I'm happy for you, Windchyme!

Windchyme on November 30, 2015:

OMG....THANK YOU!!!!!! I am on disability and while my parents help as they can...they are retired, not a lot of money flying around for calling out a tech guy especially when it is right after Thanksgiving. My furnace did JUST what yours did...so found the little reset switch you showed (and I wouldn't have even seen it if not for you)..pressed it...turned the furnace off and on.....started up like a charm...working perfectly now. WHEWWWW!! You saved our bacon....THANK YOU!!!!!!!

Tony Lawrence (author) from SE MA on December 11, 2012:

I am really surprised at how many people have been helped by this. Such a simple thing, once you know the trick.

Ours has never acted up again, but if you DID have this recur, you should definitely get apro in to look at it.

Susan R. on December 10, 2012:

Thank you! Came home and my furnace wasn't working. My husband was at work and my dad and I couldn't figure out what was wrong. Sure it was an ignitor problem. Husband said, "look for the green light!" So I googled and came up with your post. Thank you!! Baby and I are now warm and toasty.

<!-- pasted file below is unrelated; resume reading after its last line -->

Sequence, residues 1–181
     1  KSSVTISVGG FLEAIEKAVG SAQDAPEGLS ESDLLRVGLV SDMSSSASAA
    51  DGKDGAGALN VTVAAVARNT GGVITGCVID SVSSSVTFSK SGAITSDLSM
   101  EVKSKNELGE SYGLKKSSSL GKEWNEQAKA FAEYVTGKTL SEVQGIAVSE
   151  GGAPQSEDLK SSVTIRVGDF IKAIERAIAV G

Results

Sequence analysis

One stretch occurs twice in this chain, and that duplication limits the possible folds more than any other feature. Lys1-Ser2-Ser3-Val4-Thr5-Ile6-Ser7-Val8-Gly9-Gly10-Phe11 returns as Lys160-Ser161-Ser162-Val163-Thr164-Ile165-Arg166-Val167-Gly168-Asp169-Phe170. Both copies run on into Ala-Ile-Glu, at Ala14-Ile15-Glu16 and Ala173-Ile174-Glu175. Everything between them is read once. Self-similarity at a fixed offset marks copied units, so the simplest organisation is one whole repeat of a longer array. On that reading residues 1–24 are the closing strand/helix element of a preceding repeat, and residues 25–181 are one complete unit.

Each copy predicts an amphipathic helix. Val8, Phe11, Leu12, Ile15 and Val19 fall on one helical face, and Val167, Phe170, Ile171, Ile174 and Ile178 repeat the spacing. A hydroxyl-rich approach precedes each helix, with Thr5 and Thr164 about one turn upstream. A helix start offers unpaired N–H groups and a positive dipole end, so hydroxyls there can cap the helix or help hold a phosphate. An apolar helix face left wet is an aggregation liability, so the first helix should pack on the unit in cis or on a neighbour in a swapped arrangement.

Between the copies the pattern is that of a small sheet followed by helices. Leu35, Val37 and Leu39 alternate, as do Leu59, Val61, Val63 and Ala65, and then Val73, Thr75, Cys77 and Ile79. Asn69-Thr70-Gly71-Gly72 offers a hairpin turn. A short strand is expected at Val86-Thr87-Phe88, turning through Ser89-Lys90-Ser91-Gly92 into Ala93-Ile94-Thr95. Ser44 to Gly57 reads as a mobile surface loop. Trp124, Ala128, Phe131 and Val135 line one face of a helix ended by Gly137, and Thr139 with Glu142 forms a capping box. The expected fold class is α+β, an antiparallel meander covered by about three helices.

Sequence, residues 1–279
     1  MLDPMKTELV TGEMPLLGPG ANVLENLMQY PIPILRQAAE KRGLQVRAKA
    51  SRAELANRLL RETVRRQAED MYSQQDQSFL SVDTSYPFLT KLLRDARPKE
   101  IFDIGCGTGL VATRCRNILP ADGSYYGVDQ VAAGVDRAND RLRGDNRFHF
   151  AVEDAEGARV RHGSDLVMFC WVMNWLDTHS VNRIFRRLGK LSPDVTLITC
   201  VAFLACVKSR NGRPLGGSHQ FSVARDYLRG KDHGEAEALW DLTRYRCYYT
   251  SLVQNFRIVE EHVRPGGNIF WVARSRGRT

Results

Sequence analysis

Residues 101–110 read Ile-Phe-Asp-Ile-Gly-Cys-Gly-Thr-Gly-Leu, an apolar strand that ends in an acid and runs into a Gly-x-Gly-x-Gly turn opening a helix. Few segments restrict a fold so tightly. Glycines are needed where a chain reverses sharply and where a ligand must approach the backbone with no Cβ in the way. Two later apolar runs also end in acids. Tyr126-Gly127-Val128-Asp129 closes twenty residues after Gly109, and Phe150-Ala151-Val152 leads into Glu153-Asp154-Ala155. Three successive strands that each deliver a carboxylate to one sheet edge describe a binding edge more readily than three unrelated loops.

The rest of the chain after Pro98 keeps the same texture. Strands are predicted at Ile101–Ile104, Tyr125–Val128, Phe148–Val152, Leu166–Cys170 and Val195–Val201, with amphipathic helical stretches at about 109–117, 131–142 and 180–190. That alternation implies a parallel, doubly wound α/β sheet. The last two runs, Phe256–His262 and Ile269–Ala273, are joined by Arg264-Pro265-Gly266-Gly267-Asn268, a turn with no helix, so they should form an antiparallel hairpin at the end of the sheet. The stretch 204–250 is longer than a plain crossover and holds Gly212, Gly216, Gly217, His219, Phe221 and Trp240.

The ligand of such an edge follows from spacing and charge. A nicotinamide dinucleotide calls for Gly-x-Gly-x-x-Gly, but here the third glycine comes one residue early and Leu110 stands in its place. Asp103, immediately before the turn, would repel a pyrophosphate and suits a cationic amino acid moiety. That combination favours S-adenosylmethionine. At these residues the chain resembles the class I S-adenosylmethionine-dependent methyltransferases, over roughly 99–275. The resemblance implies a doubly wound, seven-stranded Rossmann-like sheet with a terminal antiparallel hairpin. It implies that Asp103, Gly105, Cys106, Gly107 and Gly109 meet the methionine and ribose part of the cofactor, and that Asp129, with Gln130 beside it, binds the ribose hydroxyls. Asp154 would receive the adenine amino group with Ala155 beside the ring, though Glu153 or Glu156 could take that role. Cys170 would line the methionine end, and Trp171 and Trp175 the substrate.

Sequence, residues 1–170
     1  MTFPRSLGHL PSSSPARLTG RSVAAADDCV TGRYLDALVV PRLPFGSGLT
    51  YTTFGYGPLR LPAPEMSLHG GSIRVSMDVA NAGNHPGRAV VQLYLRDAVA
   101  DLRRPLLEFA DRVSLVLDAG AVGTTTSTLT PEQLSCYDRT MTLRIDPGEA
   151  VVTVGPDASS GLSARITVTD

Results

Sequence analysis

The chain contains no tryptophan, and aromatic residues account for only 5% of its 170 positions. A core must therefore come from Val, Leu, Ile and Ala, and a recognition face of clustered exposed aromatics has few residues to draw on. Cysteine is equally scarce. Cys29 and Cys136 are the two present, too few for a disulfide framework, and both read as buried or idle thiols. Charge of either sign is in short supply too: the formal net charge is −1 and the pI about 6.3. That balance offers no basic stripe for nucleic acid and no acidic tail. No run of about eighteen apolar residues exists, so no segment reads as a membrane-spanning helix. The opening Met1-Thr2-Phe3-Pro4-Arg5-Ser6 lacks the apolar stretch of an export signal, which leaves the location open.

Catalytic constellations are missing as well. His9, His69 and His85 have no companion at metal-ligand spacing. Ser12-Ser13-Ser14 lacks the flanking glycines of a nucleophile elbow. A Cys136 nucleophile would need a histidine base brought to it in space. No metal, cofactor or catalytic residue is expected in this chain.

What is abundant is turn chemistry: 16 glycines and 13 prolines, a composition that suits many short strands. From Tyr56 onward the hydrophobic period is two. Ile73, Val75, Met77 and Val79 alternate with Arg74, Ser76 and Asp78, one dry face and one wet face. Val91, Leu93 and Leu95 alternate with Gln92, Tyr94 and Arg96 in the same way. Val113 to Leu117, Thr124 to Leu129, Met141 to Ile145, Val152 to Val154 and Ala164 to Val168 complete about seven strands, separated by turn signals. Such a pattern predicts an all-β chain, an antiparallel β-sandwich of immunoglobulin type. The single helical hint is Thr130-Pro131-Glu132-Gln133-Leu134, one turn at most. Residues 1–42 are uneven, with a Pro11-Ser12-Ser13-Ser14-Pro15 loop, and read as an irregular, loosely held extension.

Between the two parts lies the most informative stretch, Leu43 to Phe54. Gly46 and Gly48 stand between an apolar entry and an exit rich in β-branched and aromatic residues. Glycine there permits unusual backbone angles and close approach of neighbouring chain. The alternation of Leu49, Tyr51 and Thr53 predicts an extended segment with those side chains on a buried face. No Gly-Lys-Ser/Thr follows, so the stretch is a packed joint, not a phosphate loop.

Dave on November 28, 2012:

These furnace companies rip you off to push a little switch I'm on a very fixed income I live off of Social Security disability I can't afford these outrageous repairs Thank you very much I hope this fixes my problem!!!!

Lori on November 24, 2012:

Thank you so much for this! Hubby was out hunting and I awoke to a freezing cold house. First, flipped the breaker off and on~just as you did and heard it cycle and thought~that was easy, only to have it go off again!! I ripped the thing apart and saw the green flashes, however, had no idea what to do about it. A google search brought me to you and my heat is now working. Hoping it is not indicative of a bigger problem, however, we had a power outage yesterday for two hours and I am wondering if that caused the problem. Also, had the lights flashing low battery on my control panel. I replaced those as well. I am keeping my fingers crossed~and leaving all the panels and screws off for hubby to deal with when he returns from the woods. Thanks so much, and the pictures were a fabulous help!!!!

Tony Lawrence (author) from SE MA on October 30, 2012:

Yes, power fluctuations can confuse these things.

lsburk on October 30, 2012:

Same thing after power outage and no repair man wanted to come out in the storm to fix it . Found the switch under a layer of dust and tada! Now I need to shop vac the dust out. Thanks